Abstract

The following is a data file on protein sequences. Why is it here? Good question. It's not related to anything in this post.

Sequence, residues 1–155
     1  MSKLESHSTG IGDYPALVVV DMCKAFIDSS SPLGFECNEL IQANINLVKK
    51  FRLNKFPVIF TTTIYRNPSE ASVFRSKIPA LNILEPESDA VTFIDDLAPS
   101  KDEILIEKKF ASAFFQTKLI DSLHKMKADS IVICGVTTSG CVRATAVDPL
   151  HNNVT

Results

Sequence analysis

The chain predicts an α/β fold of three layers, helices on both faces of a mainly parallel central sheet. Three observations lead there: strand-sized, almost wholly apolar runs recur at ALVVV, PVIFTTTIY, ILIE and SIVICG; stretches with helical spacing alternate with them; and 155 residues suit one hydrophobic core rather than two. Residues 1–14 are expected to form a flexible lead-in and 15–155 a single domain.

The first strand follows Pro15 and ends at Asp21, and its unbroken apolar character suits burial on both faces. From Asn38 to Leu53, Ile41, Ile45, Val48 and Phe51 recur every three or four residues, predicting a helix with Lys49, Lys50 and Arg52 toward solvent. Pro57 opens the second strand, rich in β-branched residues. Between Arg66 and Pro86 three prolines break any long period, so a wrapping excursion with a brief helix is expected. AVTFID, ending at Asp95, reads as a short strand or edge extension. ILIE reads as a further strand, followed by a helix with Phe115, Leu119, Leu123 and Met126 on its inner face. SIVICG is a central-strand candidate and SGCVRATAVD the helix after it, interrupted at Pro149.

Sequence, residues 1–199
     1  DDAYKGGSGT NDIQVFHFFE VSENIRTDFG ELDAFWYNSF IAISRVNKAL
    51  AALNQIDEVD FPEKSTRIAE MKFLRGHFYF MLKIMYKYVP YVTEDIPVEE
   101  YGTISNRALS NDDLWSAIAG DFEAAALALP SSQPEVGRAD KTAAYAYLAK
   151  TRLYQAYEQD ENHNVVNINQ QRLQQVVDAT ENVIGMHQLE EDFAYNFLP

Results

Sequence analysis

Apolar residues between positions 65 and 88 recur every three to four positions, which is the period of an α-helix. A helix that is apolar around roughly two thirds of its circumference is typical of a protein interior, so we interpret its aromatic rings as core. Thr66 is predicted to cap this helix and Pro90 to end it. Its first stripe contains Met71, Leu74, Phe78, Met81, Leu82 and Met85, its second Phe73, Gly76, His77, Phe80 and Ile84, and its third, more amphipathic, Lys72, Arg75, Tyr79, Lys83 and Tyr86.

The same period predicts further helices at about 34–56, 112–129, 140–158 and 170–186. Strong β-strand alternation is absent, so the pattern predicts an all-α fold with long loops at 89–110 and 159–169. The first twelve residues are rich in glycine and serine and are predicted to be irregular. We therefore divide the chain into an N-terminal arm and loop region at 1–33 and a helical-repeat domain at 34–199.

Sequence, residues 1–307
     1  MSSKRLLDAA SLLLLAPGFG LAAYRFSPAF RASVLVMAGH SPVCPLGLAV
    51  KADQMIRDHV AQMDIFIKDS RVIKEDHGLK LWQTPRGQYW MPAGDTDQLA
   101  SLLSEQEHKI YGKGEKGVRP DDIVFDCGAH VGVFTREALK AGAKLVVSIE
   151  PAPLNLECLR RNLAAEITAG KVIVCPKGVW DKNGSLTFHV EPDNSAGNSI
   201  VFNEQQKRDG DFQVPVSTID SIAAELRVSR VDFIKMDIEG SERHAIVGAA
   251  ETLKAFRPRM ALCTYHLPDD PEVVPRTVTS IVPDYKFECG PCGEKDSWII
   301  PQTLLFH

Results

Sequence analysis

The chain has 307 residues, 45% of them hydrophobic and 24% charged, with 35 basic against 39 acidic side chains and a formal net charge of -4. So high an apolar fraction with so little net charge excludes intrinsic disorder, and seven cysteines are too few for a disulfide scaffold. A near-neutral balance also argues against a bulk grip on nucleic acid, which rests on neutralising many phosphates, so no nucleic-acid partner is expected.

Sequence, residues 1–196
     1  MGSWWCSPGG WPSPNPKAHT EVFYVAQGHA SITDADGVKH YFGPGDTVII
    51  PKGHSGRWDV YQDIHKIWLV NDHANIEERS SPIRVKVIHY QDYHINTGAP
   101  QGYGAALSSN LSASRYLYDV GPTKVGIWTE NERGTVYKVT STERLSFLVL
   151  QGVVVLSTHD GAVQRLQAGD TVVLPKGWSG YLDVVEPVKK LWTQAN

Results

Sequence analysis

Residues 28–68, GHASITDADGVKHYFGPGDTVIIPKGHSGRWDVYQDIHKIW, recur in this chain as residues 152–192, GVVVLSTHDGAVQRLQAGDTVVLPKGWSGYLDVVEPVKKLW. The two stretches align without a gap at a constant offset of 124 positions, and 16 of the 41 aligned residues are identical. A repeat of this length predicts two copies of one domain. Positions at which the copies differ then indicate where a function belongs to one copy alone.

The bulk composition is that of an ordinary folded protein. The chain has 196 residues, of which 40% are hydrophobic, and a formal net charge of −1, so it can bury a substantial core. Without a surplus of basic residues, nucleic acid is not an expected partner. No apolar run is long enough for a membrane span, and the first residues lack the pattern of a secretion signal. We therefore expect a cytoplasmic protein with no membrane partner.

Cooperation among individuals has been key to sustaining societies. However, natural selection favors defection over cooperation. Cooperation can be favored when the mobility of individuals allows cooperators to form a cluster (or group). Mobility patterns of animals sometimes follow a Lévy flight. A Lévy flight is a kind of random walk but it is composed of many small movements with a few big movements. Here, we developed an agent-based model in a square lattice where agents perform Lévy flights depending on the fraction of neighboring defectors. We focus on how the sensitivity to defectors when performing Lévy flights promotes the evolution of cooperation. Results of evolutionary simulations showed that cooperation was most promoted when the sensitivity to defectors was moderate. As the population density became larger, higher sensitivity was more beneficial for cooperation to evolve.

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